What you learn in the classroom during your high school years is just the tip of the iceberg. Imagine all that textbook knowledge coming alive as you travel the world and explore new cultures. Enrolling in a high school travel program will not only help you learn about the world firsthand and look good on your college application, it will turn you into a true citizen of the world.
High school is a time of your life filled with transformation, and studying overseas can help you focus, think clearly about your future, and have time to develop your own sense of identity. Whether your experience validates what you've always thought you wanted or opens up a completely new and unexpected path, your perspective on yourself and the world will never be the same again.
High school is the perfect time to go overseas and expand your worldview. Whether you're still figuring out what's next or already have goals involving university and a professional career, a high school travel program can help you gain real-world perspective and experience that will bolster your confidence and inform your next steps.
Europe is such a vast, multicultural continent and yet most students end up traveling to the same countries. It’s time to break the pattern of traveling to France, Spain, or England! Portugal has a little bit of everything: great weather year round, a beautiful and useful language, good food, and lots of cultural diversity.
Besides the draw of Portugal itself, traveling within Europe is easy to do, so you can always hop on a low-cost flight and visit other countries in the region. The westernmost country of the old continent is perfect for cultural immersion activities during an educational tour or by enrolling in a student exchange program and living (and studying) like a local.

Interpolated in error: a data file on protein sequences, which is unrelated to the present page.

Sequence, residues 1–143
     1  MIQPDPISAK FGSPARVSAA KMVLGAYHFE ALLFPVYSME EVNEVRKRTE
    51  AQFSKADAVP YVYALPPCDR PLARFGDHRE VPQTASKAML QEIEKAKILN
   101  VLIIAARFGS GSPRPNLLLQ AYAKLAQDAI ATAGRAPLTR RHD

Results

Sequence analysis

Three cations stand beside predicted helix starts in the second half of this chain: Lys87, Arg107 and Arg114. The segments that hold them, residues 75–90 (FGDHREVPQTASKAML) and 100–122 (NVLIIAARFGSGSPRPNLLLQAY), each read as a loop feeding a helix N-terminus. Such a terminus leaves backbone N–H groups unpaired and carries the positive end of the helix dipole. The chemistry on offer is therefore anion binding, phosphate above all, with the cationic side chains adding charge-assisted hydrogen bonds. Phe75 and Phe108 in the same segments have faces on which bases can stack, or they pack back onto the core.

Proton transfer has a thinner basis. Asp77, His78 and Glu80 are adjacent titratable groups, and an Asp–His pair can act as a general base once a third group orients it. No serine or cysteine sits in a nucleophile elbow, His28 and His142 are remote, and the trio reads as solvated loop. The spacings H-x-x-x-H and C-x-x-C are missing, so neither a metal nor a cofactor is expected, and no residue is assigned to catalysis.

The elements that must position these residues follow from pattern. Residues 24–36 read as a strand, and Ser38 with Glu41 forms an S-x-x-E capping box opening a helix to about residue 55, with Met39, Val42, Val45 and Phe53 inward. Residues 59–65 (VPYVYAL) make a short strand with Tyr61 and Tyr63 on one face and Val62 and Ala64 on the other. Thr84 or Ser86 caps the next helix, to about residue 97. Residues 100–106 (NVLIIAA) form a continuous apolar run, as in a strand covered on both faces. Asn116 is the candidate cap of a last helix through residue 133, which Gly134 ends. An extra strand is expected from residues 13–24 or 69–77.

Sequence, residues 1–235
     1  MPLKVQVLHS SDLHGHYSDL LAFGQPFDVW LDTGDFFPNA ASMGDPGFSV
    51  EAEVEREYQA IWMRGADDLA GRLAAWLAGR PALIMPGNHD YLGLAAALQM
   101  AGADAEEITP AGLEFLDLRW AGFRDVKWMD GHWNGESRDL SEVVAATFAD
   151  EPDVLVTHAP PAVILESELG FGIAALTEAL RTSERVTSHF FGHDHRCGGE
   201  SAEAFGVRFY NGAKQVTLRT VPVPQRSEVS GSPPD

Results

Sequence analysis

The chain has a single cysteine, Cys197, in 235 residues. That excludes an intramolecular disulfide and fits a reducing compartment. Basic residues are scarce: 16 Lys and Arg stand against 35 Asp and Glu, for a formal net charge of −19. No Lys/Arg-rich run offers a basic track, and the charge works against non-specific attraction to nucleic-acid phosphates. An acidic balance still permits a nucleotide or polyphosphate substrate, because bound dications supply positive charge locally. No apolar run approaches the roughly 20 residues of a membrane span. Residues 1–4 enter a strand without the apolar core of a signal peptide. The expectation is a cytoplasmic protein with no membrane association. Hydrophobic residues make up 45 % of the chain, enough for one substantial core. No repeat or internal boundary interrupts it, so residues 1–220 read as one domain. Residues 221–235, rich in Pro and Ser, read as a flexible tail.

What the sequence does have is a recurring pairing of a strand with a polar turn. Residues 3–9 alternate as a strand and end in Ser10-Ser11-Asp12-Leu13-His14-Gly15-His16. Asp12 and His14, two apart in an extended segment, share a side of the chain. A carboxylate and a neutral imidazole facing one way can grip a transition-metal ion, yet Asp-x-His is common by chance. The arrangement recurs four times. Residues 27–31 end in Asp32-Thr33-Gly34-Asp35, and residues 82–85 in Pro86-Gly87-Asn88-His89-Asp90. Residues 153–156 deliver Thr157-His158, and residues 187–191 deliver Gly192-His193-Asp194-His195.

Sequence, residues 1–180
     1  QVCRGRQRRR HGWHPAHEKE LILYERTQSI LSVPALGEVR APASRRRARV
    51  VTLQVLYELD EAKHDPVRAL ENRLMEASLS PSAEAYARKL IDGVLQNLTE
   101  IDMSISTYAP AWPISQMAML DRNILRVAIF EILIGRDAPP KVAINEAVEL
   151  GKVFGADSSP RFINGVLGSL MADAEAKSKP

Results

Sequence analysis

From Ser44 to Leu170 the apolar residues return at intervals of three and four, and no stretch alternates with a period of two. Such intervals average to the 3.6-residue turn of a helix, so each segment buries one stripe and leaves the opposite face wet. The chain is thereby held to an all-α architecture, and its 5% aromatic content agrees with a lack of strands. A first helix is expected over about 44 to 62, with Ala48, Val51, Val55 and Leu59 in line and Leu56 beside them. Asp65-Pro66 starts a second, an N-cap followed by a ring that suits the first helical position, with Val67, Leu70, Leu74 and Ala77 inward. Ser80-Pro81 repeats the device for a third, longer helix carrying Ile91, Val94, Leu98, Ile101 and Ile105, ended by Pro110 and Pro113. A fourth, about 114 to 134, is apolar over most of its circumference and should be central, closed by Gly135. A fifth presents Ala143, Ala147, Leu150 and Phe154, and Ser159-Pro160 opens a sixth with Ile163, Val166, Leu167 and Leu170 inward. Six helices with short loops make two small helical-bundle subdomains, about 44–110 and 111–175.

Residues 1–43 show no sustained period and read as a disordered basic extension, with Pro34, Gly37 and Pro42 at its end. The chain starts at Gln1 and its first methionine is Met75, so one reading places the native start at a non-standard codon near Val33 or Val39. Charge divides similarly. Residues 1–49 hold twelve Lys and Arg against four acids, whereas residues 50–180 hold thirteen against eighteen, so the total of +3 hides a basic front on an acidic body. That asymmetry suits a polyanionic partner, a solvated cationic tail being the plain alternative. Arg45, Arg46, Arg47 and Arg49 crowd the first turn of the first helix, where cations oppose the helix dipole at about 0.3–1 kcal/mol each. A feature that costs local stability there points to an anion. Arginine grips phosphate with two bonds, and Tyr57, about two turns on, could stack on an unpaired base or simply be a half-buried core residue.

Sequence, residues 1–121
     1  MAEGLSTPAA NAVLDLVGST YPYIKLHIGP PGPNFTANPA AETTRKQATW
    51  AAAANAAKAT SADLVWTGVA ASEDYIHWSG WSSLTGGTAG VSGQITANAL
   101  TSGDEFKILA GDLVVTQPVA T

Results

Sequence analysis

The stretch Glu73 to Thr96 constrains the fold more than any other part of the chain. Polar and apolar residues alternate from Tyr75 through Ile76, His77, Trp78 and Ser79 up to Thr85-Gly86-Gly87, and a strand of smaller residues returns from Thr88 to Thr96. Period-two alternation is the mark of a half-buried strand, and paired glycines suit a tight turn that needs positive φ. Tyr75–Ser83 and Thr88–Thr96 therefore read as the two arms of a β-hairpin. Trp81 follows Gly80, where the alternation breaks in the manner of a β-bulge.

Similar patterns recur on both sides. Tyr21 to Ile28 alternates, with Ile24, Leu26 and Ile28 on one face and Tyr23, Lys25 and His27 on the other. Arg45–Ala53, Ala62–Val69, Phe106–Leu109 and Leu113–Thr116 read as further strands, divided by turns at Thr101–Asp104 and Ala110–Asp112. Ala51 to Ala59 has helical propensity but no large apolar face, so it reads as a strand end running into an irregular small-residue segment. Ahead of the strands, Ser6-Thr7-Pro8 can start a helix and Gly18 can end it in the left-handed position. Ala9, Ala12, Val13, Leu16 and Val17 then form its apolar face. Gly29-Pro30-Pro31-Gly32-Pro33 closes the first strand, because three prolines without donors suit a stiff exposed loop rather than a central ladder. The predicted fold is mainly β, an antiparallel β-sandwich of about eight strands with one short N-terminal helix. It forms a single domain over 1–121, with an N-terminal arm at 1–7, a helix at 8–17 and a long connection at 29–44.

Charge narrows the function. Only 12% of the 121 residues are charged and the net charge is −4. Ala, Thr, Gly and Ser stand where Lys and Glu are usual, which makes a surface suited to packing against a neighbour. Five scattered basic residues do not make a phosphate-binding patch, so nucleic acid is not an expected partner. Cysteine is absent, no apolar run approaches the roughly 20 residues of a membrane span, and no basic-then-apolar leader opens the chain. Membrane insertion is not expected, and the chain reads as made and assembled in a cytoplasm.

High school students with an interest in arts and culture will fall in love with Mexico. The country's cultural identity is a mix of its Mesoamerican origins with European, Asian, and African influences that set the environment for a unique arts and music scene.
Combine your love of the arts while practicing Spanish in a country where you can explore the ruins of the Aztec civilization, one of the oldest in the world, or discuss the work of iconic local artist Frida Kahlo.
When it comes to offbeat destinations, the African island of Madagascar is pretty high on the list. Did you know that over 80% of the plant and animal species are unique to this country and can't be found anywhere else in the world? If biology is your favorite subject, your heart just skipped a beat.
It’s the perfect place for high school students who are looking for a mix between experiencing cultural immersion activities and learning more about wildlife conservation.